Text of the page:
Consumption of medical cannabis in adults with dystonia improves symptoms and alleviates related pain, according to study findings presented at the International Congress of Parkinson’s Disease and Movement Disorders Society (MDS) Virtual Congress 2021, held from September 17 to 22, 2021.
Previous research has found medical cannabis may help treat involuntary muscle contractions and reduce related pain in patients with dystonia by the activation of cannabinoid receptors in the basal ganglia that release γ-aminobutyric acid (GABA). This could potentially reduce severity and improve quality of life for patients with dystonia. From 2013, the Israeli Ministry of Health (MOH) has accepted the use of medical cannabis for symptomatic treatment in patients with movement disorders and related pain.
The current study aimed to assess the effect of medical cannabis on dystonia muscle activity and related pain in patients with an MOH-approved medical cannabis license.
Patients with dystonia (n=23) with an approved medical cannabis license from the MOH were contacted via telephone by researchers from the Tel Aviv University, Israel. Using a 5-point Likert scale, participants’ demographics, medical cannabis use, and treatment effects were assessed.
A total of 11 women and 12 men, with a mean age of 52.7 years, were included in the analysis. Dystonia etiologies were generalized (n=9), focal (n=6), segmental (n=5), hemidystonia (n=2), or multifocal (n=1) caused by Parkinson disease (n=6), monogenic variants (n=4), or unknown (n=13).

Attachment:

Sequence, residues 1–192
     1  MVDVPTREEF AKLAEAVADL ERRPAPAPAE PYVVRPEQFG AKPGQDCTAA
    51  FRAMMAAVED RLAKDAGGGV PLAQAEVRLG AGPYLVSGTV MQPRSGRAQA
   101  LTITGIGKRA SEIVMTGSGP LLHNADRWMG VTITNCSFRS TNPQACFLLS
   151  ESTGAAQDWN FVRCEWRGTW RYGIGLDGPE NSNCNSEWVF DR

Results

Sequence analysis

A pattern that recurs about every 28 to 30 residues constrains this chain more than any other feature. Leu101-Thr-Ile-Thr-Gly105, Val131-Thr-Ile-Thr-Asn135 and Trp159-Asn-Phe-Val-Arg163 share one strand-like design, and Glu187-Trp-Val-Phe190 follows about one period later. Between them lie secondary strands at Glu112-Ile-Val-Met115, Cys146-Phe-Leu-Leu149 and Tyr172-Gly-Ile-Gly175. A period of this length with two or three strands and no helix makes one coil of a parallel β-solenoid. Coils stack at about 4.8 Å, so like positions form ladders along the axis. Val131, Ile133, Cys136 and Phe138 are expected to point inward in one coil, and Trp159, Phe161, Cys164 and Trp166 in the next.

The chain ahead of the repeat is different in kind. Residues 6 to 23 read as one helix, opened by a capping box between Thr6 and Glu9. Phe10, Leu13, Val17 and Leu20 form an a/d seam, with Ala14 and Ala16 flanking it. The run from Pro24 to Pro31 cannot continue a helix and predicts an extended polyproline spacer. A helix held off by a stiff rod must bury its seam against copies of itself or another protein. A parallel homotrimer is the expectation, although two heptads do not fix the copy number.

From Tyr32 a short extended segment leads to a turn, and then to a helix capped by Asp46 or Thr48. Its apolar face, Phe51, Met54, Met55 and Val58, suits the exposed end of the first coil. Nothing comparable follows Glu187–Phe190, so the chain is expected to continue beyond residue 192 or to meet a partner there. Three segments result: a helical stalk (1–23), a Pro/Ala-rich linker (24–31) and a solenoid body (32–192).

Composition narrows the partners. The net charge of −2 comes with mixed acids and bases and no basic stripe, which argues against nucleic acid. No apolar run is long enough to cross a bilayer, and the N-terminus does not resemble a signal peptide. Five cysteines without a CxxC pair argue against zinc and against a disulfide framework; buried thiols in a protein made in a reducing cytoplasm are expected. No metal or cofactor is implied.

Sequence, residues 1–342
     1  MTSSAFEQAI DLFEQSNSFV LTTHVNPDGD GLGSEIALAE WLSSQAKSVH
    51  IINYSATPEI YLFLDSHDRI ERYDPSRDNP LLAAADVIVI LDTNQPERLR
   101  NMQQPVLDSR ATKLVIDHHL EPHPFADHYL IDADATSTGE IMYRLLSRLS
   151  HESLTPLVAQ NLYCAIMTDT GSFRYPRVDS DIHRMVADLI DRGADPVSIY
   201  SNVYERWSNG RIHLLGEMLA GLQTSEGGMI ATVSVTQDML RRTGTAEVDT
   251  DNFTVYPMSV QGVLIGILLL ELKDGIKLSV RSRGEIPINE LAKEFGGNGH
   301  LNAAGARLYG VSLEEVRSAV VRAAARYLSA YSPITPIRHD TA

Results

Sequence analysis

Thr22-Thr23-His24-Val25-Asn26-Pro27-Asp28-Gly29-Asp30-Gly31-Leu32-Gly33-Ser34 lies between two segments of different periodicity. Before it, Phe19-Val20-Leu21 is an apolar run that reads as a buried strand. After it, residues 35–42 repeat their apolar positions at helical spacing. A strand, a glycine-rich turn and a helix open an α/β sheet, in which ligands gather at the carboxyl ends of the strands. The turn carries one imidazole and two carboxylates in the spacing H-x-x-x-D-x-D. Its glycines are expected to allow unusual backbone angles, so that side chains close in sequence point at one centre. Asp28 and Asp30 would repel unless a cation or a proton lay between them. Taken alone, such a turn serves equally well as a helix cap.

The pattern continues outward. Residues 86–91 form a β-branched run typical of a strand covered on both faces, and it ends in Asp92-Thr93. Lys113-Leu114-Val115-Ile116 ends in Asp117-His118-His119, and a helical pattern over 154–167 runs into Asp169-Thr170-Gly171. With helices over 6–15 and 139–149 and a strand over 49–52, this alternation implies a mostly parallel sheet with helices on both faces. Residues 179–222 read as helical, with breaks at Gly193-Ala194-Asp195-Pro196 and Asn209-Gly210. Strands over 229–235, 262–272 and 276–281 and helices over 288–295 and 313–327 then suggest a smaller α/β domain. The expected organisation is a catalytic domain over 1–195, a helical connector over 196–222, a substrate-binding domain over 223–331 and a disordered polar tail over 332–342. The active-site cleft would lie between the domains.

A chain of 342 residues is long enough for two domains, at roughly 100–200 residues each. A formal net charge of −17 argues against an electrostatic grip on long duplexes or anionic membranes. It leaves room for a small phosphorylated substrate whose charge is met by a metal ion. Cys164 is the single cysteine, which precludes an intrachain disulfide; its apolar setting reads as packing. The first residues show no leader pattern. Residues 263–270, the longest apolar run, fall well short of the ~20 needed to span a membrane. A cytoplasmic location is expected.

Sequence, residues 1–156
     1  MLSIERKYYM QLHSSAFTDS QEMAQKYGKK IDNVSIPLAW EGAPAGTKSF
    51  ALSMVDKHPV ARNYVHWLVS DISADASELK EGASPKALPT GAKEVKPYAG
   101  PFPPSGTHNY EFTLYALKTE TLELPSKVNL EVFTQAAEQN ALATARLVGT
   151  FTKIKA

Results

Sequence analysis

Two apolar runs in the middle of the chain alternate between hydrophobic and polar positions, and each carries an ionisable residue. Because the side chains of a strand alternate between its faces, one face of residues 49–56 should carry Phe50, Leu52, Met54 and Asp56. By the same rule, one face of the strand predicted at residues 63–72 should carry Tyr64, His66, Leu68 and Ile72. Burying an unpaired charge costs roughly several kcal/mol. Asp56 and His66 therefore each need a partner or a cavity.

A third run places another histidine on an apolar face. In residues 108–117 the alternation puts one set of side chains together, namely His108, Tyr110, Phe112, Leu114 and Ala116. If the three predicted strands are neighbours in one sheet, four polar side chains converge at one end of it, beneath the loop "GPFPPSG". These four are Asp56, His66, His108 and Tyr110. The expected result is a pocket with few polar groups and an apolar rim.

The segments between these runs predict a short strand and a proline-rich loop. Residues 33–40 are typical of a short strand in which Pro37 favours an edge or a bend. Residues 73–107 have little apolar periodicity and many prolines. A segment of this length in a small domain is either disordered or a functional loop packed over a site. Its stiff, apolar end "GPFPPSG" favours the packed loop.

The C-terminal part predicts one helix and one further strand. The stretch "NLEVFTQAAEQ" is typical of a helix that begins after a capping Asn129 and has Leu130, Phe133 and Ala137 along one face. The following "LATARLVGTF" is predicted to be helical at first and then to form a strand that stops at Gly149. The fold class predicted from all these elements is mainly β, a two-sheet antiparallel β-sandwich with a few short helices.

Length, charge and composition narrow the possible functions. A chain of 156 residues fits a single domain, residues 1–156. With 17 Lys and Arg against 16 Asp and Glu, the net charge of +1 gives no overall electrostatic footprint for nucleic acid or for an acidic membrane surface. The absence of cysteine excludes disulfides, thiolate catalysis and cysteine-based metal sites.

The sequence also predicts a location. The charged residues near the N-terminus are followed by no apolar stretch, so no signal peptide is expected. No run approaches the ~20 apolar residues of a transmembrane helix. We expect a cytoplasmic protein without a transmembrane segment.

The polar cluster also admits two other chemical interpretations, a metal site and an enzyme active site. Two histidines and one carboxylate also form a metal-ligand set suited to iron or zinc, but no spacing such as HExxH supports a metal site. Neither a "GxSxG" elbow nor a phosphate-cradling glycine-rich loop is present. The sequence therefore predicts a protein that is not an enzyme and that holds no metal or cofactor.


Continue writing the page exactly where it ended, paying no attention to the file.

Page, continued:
Participants indicated that they had been using medical cannabis for an average of 2.5±1.0 years. Medical cannabis was consumed at a mean dose of 22.6±20.1 grams per month and at a frequency of 3.3±4.3 times per day. The medical cannabis was composed of 10.6%±6.6% tetrahydrocannabinol (THC) and 8.0%±5.7% cannabidiol. Participants also indicated that they used cannabis oil extract (47.8%), smoked dried buds (43.5%), or both (8.7%).
The subjective, self-reported efficacy of medical cannabis for dystonia was 3.3/5, pain was 3.7/5, and quality of life was 3.6/5. The majority of participants (70%) also reported an improvement in sleep.
Participants who experienced more improvements to their dystonia reported using a higher THC dose than those who showed little improvement, with a positive correlation between THC dose and dystonia symptom improvement (R 2 =0.012).
Participants who smoked medical cannabis vs those who consumed the oil were more likely to report dystonia symptom improvement.
Adverse effects included dry mouth (65%), worsening mood (n=3), anxiety (n=2), anxiety with hallucinations (n=1), and suicidal ideation (n=1). Three participants stopped receiving treatment with medical cannabis due to inefficacy or adverse effects.
Study limitations included its small size and the inclusion of patients with differing dystonia symptoms, using uncontrolled dosing and administration methods. Therefore, these findings should be validated in a larger, controlled study.
“[Medical cannabis] seems to improve symptoms of dystonia and related pain. Higher daily dose of THC and smoking rather than sublingual oil are significantly more efficacious,” the researchers concluded.
Anis S, Faust-Socher A, Sverdlov D, et al. A real-life study of medical cannabis effect on adults with dystonia. Presented at: MDS Virtual Congress 2021; September 17-22, 2021. Poster 93.